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How to Fix Leggy Seedlings
How to Fix Leggy Seedlings

How to Fix Leggy Seedlings

You started your seeds indoors, you thought you did everything right, and then you look at your tall, leggy seedlings with dismay.


What went wrong?

It can be so discouraging to look at those tiny, spindly things… all stem and very few leaves. But, it happens to even the best of gardeners and the good news is, you can fix leggy seedlings most of the time.


What are leggy seedlings?

Seedlings are considered leggy, when they grow tall, spindly, and weak looking. The taller the seedling is, the weaker the stem. These seedlings are typically very fragile, and may even appear yellow or whitish instead of green.


Are leggy seedlings bad?

They’re not generally desirable, no. They become so skinny and tall that they are prone to breakage, dampening off, and other damage. Especially when it comes to the outside elements, like the wind.

While some plants are more forgiving than others, and can be planted deeply when transplanted outside – others cannot, and will just develop rotted stems.

So it’s best to prevent them from happening in the first place. Let’s discuss what causes leggy seedlings.


What causes leggy seedlings?

Insufficient Light

Seedlings will bend to stretch toward the light source, or grow taller if it’s too far away.

Young, tender seedlings need adequate light to thrive. They will stretch to try to reach as much light as possible.

A lot of newer gardeners will stick seedlings in front of a south facing window, assuming it provides adequate light. However, this is often not the case.

Many times, seedlings set in a window, will stretch so far sideways to try to get to the light, that they’ll bend nearly in half attempting to do so. It’s really just not an ideal situation.

Seedlings need about 14-16 hours of daylight every day, which the short days of winter do not typically provide. This makes utilizing grow lights necessary for most people.

But even using grow lights requires you keep the lights close enough to the seedlings, or they’ll “reach” for the light and get taller and taller, creating those spindly, long, unsupportive stems.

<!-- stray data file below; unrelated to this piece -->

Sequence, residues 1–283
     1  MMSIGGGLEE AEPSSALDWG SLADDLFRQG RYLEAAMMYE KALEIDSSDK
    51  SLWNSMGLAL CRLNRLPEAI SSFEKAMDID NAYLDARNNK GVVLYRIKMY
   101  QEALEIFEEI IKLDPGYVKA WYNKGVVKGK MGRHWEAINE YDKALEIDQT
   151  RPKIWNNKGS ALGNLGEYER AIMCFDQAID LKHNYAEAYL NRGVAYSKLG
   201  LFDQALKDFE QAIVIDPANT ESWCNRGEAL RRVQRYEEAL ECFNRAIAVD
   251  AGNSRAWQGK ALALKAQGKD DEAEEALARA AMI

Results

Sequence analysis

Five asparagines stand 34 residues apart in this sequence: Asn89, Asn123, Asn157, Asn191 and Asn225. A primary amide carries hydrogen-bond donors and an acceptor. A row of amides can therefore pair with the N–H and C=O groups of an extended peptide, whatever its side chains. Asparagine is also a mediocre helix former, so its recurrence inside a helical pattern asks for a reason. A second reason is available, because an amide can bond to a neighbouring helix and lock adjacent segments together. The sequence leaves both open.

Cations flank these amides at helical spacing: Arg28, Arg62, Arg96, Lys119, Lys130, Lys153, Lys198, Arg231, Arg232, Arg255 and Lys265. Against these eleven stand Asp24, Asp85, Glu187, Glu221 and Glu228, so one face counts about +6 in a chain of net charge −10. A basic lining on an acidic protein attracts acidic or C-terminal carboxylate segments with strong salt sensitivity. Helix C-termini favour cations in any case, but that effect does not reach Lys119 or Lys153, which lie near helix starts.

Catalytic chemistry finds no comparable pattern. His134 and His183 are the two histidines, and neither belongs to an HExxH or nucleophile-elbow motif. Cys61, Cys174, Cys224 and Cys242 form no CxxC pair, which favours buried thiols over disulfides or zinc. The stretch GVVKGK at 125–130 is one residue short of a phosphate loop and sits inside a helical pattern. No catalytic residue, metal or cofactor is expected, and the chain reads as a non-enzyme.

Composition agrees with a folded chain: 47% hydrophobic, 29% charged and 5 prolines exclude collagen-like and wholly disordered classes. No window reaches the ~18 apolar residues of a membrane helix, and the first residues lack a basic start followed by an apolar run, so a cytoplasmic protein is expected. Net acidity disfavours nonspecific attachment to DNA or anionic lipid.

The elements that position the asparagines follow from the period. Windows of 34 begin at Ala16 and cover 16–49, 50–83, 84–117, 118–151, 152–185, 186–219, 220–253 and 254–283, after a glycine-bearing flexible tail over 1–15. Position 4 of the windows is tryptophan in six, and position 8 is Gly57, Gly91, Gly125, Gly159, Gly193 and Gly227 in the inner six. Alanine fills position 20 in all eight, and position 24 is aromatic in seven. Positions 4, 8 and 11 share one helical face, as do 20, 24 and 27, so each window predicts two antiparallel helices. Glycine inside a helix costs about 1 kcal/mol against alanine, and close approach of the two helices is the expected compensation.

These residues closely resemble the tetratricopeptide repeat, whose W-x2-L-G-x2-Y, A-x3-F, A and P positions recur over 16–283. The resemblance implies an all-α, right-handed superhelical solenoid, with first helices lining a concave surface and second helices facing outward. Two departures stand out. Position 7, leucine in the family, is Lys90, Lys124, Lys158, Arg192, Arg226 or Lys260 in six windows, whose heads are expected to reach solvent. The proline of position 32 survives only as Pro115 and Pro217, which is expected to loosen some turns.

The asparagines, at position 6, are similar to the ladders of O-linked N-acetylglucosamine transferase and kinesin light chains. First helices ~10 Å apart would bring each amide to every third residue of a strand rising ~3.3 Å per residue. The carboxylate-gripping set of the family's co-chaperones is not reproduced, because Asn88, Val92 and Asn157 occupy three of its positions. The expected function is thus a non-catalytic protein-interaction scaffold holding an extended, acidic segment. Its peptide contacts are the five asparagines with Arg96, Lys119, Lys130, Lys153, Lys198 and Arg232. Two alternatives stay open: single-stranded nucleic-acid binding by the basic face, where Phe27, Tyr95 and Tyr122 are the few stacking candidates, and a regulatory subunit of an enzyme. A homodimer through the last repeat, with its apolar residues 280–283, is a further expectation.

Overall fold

Too Much Heat

If you leave the heat mat under your seedlings, or don’t remove the humidity dome as soon as they begin to sprout – the seedlings will react with a huge growth spurt.

You’ll wind up with tall stems way before the leaves have had a chance to really grow.


Over Crowding

Overcrowded seedlings will become spindly to compete for the light source.

In the forest, plants will compete for light by growing taller. Seedlings are no different. So, if you just scattered those tiny seeds everywhere without utilizing proper spacing, the seedlings will try to grow above one another to reach the light.


Erratic Watering

We all get busy, but keeping consistent moisture in your seed starting mix is essential. If it’s often drying out before remembering to water it, you’ll probably wind up with some leggy seedlings.

The seedlings will not be able to get the nutrients they need from dried out soil, so they’ll not be able to get the nice, thick stems they need to really thrive and be strong plants.


Preventing Leggy Seedlings

  • Provide adequate light as soon as you see those little sprouts coming up. It only takes a short period of time (a day or so) before lack of light will severely affect those little guys and they will stretch up seeking what they need to survive.
  • Utilizing artificial light (grow lights) will give seedlings the best chance of growing strong.
  • Keep grow lights close to seedlings, about 3″ from the tops. And plan to provide seedlings with light 14 to 16 hours a day, every day.
  • Remove, or prop open clear, humidity domes as soon as you see signs of germination – even if only one seedling has broke through the surface. If your dome is clear, you can keep it propped open until you see several sprouts, if you choose.